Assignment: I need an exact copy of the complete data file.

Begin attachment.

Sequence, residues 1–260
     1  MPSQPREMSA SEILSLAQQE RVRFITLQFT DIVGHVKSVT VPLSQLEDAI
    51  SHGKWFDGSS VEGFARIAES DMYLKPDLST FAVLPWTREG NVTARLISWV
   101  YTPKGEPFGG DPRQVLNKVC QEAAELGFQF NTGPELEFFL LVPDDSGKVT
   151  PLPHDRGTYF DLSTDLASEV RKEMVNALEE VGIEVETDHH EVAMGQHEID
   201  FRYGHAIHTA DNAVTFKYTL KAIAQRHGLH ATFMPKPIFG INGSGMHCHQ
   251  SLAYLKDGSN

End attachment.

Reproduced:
Sequence, residues 1–260
     1  MPSQPREMSA SEILSLAQQE RVRFITLQFT DIVGHVKSVT VPLSQLEDAI
    51  SHGKWFDGSS VEGFARIAES DMYLKPDLST FAVLPWTREG NVTARLISWV
   101  YTPKGEPFGG DPRQVLNKVC QEAAELGFQF NTGPELEFFL LVPDDSGKVT
   151  PLPHDRGTYF DLSTDLASEV RKEMVNALEE VGIEVETDHH EVAMGQHEID
   201  FRYGHAIHTA DNAVTFKYTL KAIAQRHGLH ATFMPKPIFG INGSGMHCHQ
   251  SLAYLKDGSN